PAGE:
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PORTER LOIS K. PORTER October 30, 1919 - January 28, 2018 Lois Keller Porter, an accomplished violinist and former president of the Washington Area Secular Humanists, passed away at Prince George's Hospital on January 28. She was 98. She died from complications following an ischemic stroke, said her son, Aaron Porter. Lois Josephine Keller was born in 1919 in New Haven, Conn. and began her studies on violin at nine. At sixteen, she made her first major appearance as a soloist with the New Haven Symphony, performing Edouard Lalo's Symphonie Espagnole. After graduation from high school in 1937, she attended Oberlin College Conservatory of Music with a four year scholarship, studying with Maurice Kessler. Lois graduated in 1941 with a bachelor's degree in violin performance. She then attended Columbia University for graduate studies in musicology. During World War II, she worked for the national civic music association in New York City, and was a warden in that city for the Air Warden Service of the City Volunteer Protection Services. Later, she was head of the publicity department of the Music Corporation of America. In 1950, While traveling to Georgia as national representative of the National Artists Management Company, she met George Porter, an editor for the Gainesville Times. They married in December of 1950, and settled in Gainesville. Lois was a faculty member of Brenau College for seven years, served as president of the National Federation of Music clubs in Georgia and was active with several chamber music ensembles. George's job as a newspaper editor took them to New Orleans, where Lois performed as concertmaster of the New Orleans Civic Symphony Orchestra and in many chamber music ensembles in and around that city. In 1960, they traveled with their children, Elise and Aaron, to the Philippines, after George was appointed press attaché to the American Embassy in Manila on assignment with the United States Information Agency. In Manila, Lois was active with many chamber music ensembles and with the National Philharmonic Society of the Philippines, with which she performed as a featured soloist. George's foreign service career took the family next to Penang, Malaysia and Singapore. In Singapore, Lois was a founding member of the Singapore National Symphony Orchestra, and served as the chairman of the board of the Singapore American School. They returned to the United States in 1971, where George finished his career at the State Department, retiring in 1979. They became residents of Capitol Hill, and were early members of Capitol Hill Village, an organization that helps residents age in place. They helped found the Washington Area Secular Humanists. Lois served as its first president from 1989 to 1991, and again from 1999 to 2001. Lois is survived by her daughter, Elise (William James); her son, Aaron; a granddaughter, Abigail James; and by several nieces and nephews. No services will be held. Contributions to her memory can be made to the Collington Foundation, specifying either the Collington Candlelight Concerts or the Collington Scholarship fund, and mailed to: Collington Life Care Community 10450 Lottsford Road Mitchellville, MD 20721Mitchellville, MD 20721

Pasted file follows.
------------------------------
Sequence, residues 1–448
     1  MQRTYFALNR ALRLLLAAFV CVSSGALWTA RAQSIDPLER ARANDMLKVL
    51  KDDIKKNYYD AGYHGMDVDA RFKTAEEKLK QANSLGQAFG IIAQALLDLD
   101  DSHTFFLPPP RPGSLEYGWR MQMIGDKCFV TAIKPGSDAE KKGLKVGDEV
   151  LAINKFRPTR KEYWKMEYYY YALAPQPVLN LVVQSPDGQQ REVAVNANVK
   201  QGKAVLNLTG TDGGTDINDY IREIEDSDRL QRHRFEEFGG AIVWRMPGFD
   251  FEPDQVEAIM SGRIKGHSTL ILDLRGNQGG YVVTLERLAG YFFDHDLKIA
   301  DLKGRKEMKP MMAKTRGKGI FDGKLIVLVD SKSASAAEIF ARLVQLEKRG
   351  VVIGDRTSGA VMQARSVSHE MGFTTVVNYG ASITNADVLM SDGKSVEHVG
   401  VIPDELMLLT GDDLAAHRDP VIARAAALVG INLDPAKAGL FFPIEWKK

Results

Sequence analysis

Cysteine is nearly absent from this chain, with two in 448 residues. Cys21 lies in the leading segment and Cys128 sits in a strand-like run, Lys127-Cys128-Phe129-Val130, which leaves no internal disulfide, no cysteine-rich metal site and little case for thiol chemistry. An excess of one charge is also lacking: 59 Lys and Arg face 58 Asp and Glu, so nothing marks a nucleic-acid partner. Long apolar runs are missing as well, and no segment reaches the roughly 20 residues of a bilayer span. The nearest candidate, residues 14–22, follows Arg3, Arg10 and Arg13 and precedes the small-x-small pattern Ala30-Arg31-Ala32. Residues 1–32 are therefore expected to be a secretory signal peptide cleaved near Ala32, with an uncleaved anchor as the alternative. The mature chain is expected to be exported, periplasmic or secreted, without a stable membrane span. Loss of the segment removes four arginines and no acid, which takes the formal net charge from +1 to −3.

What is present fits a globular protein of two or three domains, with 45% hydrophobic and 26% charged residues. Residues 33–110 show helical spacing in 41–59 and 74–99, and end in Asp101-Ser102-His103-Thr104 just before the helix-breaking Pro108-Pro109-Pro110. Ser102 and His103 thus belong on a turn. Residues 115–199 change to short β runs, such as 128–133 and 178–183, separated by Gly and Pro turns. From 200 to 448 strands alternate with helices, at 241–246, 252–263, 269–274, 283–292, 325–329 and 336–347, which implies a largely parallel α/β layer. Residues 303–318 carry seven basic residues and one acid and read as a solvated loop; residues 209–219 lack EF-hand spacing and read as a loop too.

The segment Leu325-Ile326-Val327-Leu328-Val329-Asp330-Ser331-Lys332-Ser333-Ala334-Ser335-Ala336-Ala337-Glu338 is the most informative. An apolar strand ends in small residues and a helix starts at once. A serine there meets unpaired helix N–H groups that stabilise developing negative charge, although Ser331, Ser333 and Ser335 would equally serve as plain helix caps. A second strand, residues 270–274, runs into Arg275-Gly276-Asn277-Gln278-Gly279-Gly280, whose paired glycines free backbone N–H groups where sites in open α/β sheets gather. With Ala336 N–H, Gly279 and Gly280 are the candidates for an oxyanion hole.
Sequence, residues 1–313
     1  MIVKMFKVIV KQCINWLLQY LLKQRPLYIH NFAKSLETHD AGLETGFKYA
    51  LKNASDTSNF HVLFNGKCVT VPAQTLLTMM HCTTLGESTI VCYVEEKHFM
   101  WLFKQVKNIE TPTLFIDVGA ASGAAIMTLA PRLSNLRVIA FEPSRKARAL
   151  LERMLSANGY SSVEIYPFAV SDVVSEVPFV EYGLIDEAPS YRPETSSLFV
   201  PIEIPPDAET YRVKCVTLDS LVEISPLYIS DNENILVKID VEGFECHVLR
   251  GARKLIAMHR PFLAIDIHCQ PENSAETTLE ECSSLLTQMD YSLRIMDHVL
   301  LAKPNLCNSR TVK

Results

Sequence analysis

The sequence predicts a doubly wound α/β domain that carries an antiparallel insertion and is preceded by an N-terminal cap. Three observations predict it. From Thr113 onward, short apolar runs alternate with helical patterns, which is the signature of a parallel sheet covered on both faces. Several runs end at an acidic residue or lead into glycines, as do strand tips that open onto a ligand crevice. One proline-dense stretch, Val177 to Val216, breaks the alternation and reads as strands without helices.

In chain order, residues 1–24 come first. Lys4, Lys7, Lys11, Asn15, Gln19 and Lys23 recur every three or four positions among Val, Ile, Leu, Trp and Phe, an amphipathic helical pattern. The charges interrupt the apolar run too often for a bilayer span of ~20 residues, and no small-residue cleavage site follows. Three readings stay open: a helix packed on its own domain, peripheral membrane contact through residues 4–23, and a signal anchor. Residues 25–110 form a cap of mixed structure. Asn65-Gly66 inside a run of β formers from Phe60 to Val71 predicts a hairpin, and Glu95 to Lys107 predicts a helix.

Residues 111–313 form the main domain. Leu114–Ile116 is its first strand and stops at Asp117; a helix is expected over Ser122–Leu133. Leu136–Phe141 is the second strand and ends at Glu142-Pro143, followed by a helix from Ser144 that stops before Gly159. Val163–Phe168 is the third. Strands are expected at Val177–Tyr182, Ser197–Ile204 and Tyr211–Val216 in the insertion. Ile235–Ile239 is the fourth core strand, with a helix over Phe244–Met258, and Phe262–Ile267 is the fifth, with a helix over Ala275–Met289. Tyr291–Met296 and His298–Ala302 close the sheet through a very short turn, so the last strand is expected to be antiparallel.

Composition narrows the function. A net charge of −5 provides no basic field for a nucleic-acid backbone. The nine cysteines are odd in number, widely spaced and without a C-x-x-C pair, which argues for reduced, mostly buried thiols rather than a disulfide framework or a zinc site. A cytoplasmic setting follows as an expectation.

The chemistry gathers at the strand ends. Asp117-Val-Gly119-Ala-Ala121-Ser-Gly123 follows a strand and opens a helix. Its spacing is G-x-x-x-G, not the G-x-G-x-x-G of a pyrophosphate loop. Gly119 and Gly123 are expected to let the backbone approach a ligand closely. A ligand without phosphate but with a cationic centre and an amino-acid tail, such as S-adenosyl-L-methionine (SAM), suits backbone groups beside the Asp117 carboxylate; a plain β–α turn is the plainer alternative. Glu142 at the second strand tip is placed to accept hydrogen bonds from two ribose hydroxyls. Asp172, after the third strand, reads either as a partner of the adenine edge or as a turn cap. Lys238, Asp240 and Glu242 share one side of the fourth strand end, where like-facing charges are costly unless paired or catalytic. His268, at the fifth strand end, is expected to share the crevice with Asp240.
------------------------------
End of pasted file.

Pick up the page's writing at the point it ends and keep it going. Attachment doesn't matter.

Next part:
Published in The Washington Post on Mar. 15, 2018